Today Andy Silvester talks to Adam Tyndall, Programme Director for Connectivity at London First. They talk all things Crossrail — from the first idea of an East-West railway in the 19th century, to the funding behind the Elizabeth Line, and to the future of London’s transport system.
And in other news — Shell’s AGM was disrupted by climate activists earlier today, and Kwasi Kwarteng has stated that hitting electricity suppliers with a windfall tax would be a “challenging proposition”.
Episode transcript (auto-generated)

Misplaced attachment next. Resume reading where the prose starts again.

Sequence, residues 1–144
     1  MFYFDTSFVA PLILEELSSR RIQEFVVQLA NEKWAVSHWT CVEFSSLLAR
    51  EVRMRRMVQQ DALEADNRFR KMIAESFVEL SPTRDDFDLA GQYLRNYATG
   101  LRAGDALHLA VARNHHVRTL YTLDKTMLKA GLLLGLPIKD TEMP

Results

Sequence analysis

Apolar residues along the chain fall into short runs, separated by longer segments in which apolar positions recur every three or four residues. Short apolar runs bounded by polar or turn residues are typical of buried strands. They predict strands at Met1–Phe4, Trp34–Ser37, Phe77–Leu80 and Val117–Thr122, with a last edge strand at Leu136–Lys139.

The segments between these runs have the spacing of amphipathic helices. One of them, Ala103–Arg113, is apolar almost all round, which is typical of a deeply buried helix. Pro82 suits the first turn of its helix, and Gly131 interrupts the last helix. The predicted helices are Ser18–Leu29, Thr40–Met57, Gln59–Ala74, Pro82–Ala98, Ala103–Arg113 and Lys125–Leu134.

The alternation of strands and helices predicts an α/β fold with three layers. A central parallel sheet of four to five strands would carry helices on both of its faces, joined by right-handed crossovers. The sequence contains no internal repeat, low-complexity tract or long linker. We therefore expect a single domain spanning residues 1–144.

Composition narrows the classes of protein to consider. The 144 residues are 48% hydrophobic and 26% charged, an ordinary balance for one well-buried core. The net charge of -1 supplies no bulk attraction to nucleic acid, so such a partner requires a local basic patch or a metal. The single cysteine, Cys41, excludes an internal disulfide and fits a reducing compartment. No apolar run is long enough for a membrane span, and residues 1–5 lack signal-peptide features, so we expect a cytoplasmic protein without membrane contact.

Andy Silvester 0:08 Good afternoon and welcome to The City View podcast with me Andy Silvester, the editor here at City A.M. on what is a momentous day for the capsule. The opening finally, of the Elizabeth line will be in three parts a few years late, but still very, very impressive and in a few minutes I’ll be talking to Adam Tyndall from London first and man he knows more about London’s transport network than probably anybody should. He and I will discuss Crossrail and what’s next for the capital? Firstly, some corporate and politics news and hitting electricity generators with a windfall tax will be a quote challenging proposition unquote, and could hamper the UK’s netzero ambitions. According to Business Secretary Kwasi Kwarteng the business equity also came out firmly against a windfall tax on oil and gas companies saying the policy is not a good idea and comments that will put him in clear opposition to Chancellor Rishi Sunak Sunak is said to want to impose a levy on excess profits. We’ll let you decide what excess profits mean. Made by British oil and gas firms after the experienced record returns over the past 12 months. That money would be in theory at least go towards families struggling with soaring energy bills the head of OFGEM today warning in parliament that the energy price cap likely to go up to as high as 2800 pounds in October. The FT reported yesterday that Sunak has told Treasury officials to draw up proposals for the levy to hit electricity firms, including renewable energy generators, like wind farms, quite how that aligns with plans to move towards net zero is not quite clear to me. Also in the NGO world shells Annual General Meeting is finally underway again now at 4pm. After a delay for nearly three hours following protests from climate activists, protesters stormed a meeting at Methodist hall where shareholders were set to vote on the oil and gas giants climate Transition Plans. Dozens of protesters from groups such as extinction rebellion derailed the proceedings this morning. chanting slogans like Shell must fall and holding banners a shelter So Angie Mackenzie tried in vain to continue the meeting. Mackenzie eventually said that he was welcoming everybody’s views. But there were things that just required a little bit of peace and quiet. Meanwhile, the Bank of England has said lenders insurers that do not respond to factories climate risk could face major hits to their profits. Official separate actions varied across different financial institutions, but a 10 to 15% drag on profits on average, could be the case in the worst case scenario. Losses of this magnitude can make individual firms and the financial system overall more vulnerable to other future shocks. The bank said in its biennial stress tests elsewhere. Good news from Shaftsbury as they see the West End picking up following good news from Grosvenor as well yesterday, and news two from Topps Tiles will thing the DIY boom continuing as people continue to sort out their bathrooms. There’s plenty more on city am.com right now and will be in tomorrow’s newspaper as well. But for now we are going to talk Crossrail and London’s transport network, because there’s plenty to talk about. So Adam Tyndall from London First joins me now. Adam, pleasure to have you here.Adam Tyndall 3:01 Great to be here. Andy Silvester 3:02 And we’re going to talk about day dot on Crossrail and where this project has come from and perhaps where London goes next. I need to get he’s calling it the Elizabeth line. But you’ve had the pleasure of riding this this revolutionary new transport today. What do you think? Adam Tyndall 3:19 I think it’s, it’s just fantastic. I was eavesdropping on conversations all around me. And from two women on an escalator in in Woolwich station, who were comparing how long they’ve been waiting for it living in the area and waiting for it to open through to the kids running up and down the carriage taking photos. people commenting on how quiet is how smooth the ride is. It was it was just fantastic. And actually probably the most striking thing was when Paddington I transferred to the Bakerloo line. And that’s out onto the onto the platform and thought, wow, this is small. Andy Silvester 4:00 Yeah, yeah, no, I was lucky enough to the I just started running the test runs. I went on it but obviously there’s nobody, nobody on it at that point. So you don’t get a sense of it. But even then the scale of it and the architecture around the stations and just how big it is. I just remember turning someone saying it feels like I’ve arrived in a functioning European city. It just sort of felt like the sort of thing you arrive on Stockholm airport or something. It just felt all very well organised and not necessarily the thing that you expect in the UK. Let’s go back to to how we’ve got here because it’s been a project that has taken an awfully long time to come to fruition. Important though it is going back to the days of Ken Livingstone. But there was one particular element that was really interesting about the way Crossrail was funded, and I think is important in the context of the rest of the country looking at London getting another shiny new transport project, which is that the vast majority of this was funded by London as for London as effectively right and particularly London businesses stepping up? Adam Tyndall 5:02 Yeah, absolutely. I mean, this is a project that I mean, depending on how you how you count it, there were the bills in parliament in the late 19th century for a new East West railway linking the city in Paddington, there were postwar plans, things really got moving in the mid 70s. And then, and then accelerated in the, in the late 90s, with a central London rail study. And at that point, there was another is a private bill introduced into the House of Commons, and it all sort of ground into the sand. for precisely this reason, it was unclear where the money was gonna come from, and that was, you know, small, small plug, I suppose. But, you know, that was the point of which London First was was was created in response to the 90s being a period where London didn’t have any city leadership, and the business community realised that, you know, businesses needed to organise, in order to get the at the outcomes that London needed, if it was going to be a, you know, sort of as you build a functioning 21st century European capital city. And, you know, that was that was the point at which people started looking again, at funding packages. And essentially, what what happened over a number of years was was the business community offering put put their hands in their own pockets and volunteering to be taxed more, about 40% of the of the final funding deal had been paid for by London’s businesses. And if you take into account the fact that London has as a whole has a net contribution to the Treasury every year, equivalent to more than two full Crossrail lines. London has paid for the whole thing. Yeah. And you know, and but I think you’re absolutely right, the additional money that came from additional taxes on on the business community, you know, that’s not money that would have gone anywhere else. That’s money that only existed. Because the business community, London government, central government came together, and, and thrashed out and worked out a deal that worked for everyone Andy Silvester 7:13 Which is a fascinating model. Because, of course, one of the great problems that London has, politically, at least in terms of governing itself is that it has precious few powers to hike taxes, drop taxes, and then did certainly keep any of the revenue that’s created here, compared to other global cities. So it’s interesting that we sort of had to go outside current arrangements to find the powers that we did have as a city and basically asked businesses to pay Yeah, was it 2% supplementary business rate for a number of years to get Crossrail over the line, I guess the businesses that were paying that, and again, as you say, the London Business community did say, you know, fair enough, we’ll do that. They’re looking at these infrastructure projects, as essentially, I guess a downpayment on their future success, right? Adam Tyndall 8:01 Yeah, absolutely. You know, this, this is a scheme that’s ended up costing just show 19 billion pounds, but it’s going to return about 42 billion pounds to the exchequer. And on a practical level, you look at the the top of the taxes, there were companies that literally put their hands in their pockets and just just offered to contribute. And you look at where that where those those companies are. It’s the it’s these key business districts that are being connected up. So Heathrow, the West End, the city, Canary Wharf, and increasingly, the new harbour, Stratford as well, you think pulling that all together? In a way that means you’re going to be able to get a direct train from our global hub airport in the west through to our key business districts in the east in 4550 minutes. And that is a that’s a direct benefit to the to the businesses that are located there. Absolutely. Andy Silvester 9:00 And the scale of Crossrail as well. Obviously, we keep thinking about the central London element of it, but absolutely the building out and the speed with which people from you know, the suburbs, the outskirts, Essex, Redding, whatever it might be increasing their ability to get into the capital quickly, those people that are there at the moment, but also those people in London, perhaps looking to buy or looking to upscale for a family home or whatever, now start to be able to see that actually, the London housing market doesn’t just stop at zone six, you know, it can move out far further. That’s obviously going to I would assume, I mean, in a small way, we quite clearly just need more bloody houses built but you know, in a small way that will help to start alleviate some of the pressure on the housing market as well. Right. If you start making that London envelope, I suppose the places that you can live within a reasonable commute of the office, you bring that down. Presumably that just just softens the demand across the Capitol more generally. Adam Tyndall 9:53 Yeah, absolutely. But we don’t even need to look outside the DM 25 for this. Yeah, I was down in Woolwich and Abbey Wood this morning. Yeah. And you step out in these places. And there is there’s a lot more space there for for for housing than than there is in in central London for for obvious reasons. And you look at some of the future projects like extending the DLR out to Thamesmead or the poor Bakerloo Line extension into into Southeast London there are bits of inner London, let alone outer London, let alone the home counties that are have real scope for densification for new housing developments you look at the station down a downward edge which which wouldn’t have happened without you know, I mean one some fantastic campaigning from the local MP at the time and do you know housing developer who came in and and often enough to make that happen with with a whole load new, more a whole load of new houses as well? Andy Silvester 11:01 Yeah, no, absolutely. It’s interesting. You mentioned those big projects and where we go from here because we’re all entitled to bask in the glory of, of the Elizabeth line opened a few days before the Jubilee. So is ended up being wonderfully timed the opening of Crossrail even though of course, it’s about three and a bit years like, but you talked about big projects, and we’re entitled think how wonderful it is today. But I guess there’s a question now, a very pressing question about the future of London’s transport infrastructure in the future of London’s well ability to invest in its own future because we’re at a pivotal moment really in the relationship between Whitehall and city hall and therefore TfL when it comes to funding, since the pandemic we are on bailout number four now of central government cash, which as you pointed out earlier, is very often taken from London anyway. But London gas going into white or going back to London to keep TfL going because of the massive crash in in passenger revenues. There are fears and Sadiq Khan has been very clear about these Ss Andy by flood headed TfL. And that it’s difficult to imagine without a longer term funding settlement that TfL will be able to invest in the things it needs to invest in both on a day to day basis in terms of the engineering work making sure the bridges are staying up. As well as on the longer term projects that you mentioned, like the Bakerloo Line Extension Crossrail to a new river crossing in East London beyond Tower Bridge, all that kind of stuff. I assume you haven’t I think I know I’m going to the answer I’m going to get from London first. But I guess the key thing is to make sure that this isn’t the crowning achievement in London’s transport, investment. But it’s actually just a point of saying, well, actually, these things do deliver value for money. There is a business case for these. And we need to keep going and actually central government City Hall just need to come to an arrangement so that London can start planning for its own future. Adam Tyndall 12:52 Yeah, absolutely. And here we are. People are asking questions about the level of public transport demand post pandemic, I think, you know, actually, the statistics are starting to answer those questions pretty pretty clearly with numbers recovering. But you know, this isn’t a project for the next few months. This is project a project for the next century. And we’re still using tunnels built in the 19th century across London. And this is a city that’s still predicted to grow by a couple of million people by the middle of the century. And if we want to I mean, a facilitate that growth, be do that in a way that allows us to meet our net zero targets and see, at the same time, keep the roads moving, we’re going to need a lot more public transport rather than less. And I think, you know, your your point earlier about the amount of control London has over its own destinies is really well made. London retains about 7% of the tax that’s raised in London, places like New York, it’s about 50%. So we are inevitably more constrained, more reliant on on deals and negotiations with the central government than than a lot of the cities that we’re competing with, globally. And, you know, that’s not to ignore the fact that we do have more control than other cities in the UK. And this shouldn’t be an either or situation. You know, there should be more devolution of funding across the board. So that cities can be in control of their own futures. We’ve got strong mayors in major cities across the country, who should have the power to to make these decisions as the directly elected representatives of these places. And that’s that’s not all we have at the moment. We have a short term crunch, as you rightly say, you know, we are exactly one month away from the end of the latest funding deal for TfL. And you know, these are those are opera, operational. People forget that the TFL was operating without central government funding before the pandemic, that’s a mind blowing achievement, you talk to pretty much any public transport operator in any major city around the world. And they are envious of the ability of TfL to fund itself. Yeah, and that was because the tube was making a surplus, significant surplus every year. And that was reinvested in supporting the bus network and, and other things. And you know, to be operationally, self funding is phenomenal. And but that meant that TfL was 70% of TfL, suddenly, more than 70% came from passengers compared figures in the 30s for equivalent networks in other cities. So when people stopped using the network during the pandemic, and did the right thing and stayed at home, the funding streams dried up. And you know, we should be absolutely clear that these these, these so called bailouts are our pandemic support. Yes, that is a direct result of people taking responsible courses of action. But it doesn’t mean you know, when you take that and when you take the additional spend on Crossrail, as a result of that delays, both the additional spend and the lost revenue from the last three years, when we should have had passenger fares coming in from the Elizabeth line. London has mortgaged itself to the eyeballs and that makes it very difficult to know it to be able to plan for for future investments. Now the first step is to make sure that we get TfL back to being what it wants, which is a fantastic sustainable manager and planner of the of the London Transport network and being able to invest in basic maintenance and upgrades, there controls 5% of the road network. And there are something like 45 major structures on each bit of the road network that are operating with interim safety measures, because there’s just not the funding to do the works properly. And, you know, we’re buying trains for big daily line at the moment, but not the signalling system that will enable them to operate at their, their planned frequency. I mean, like, there are all loads of these examples. But what it also means is that the planning for the bigger investments has been has been put on hold. And, you know, it’s all very well, the Prime Minister standing in a cross rail station saying we need to be thinking about Crossrail, two, but the the funding packages that are coming from his government are coming with strings attached that meant that that team has been put on ice in in TfL. And you know, and I think London is operate London wants to have that conversation and in businesses want to have that conversation. You know, what sort of we’re ready when when you are prime minister, but you know, those words have got to be got to be backed up with with actions and we’ve got to find new ways of funding these big projects. Andy Silvester 17:57 Yeah, you’re right, Boris saying, We really need to be thinking about Crossrail two, which for my memory is essentially depending on how you start it’s basically Epsom and or Wimbledon right up through to the northeast of London. So going the other way. But you’re right at the moment, there’s bailout packages pretty small bailout packages, so called bailout packages, pandemic emergency packages, I think is probably a better way of putting it as you did that come with various cost saving requirements on TfL. That in a TfL even you know, even the transport committee admits TfL has pretty much cut itself to the bone in order to meet those targets already, so there’s not really much fat left to cut so definitely one to keep an eye on but without ficient finishing on too much of a downbeat note. It is wonderful, I think to have Crossrail open again, Adam. Thanks for joining us to share in mostly the excitement of today but also a warning of what might be to come. Adam Tyndall 18:51 Hopefully it’s a suit the excitement is the signal of what’s to come. We can but hope. Thanks so much. Andy Silvester 18:57 Thanks, Adam. That was Adam Tyndall from London First and that’s all from us at The City View podcast today. My one advice to you is go and get on the train.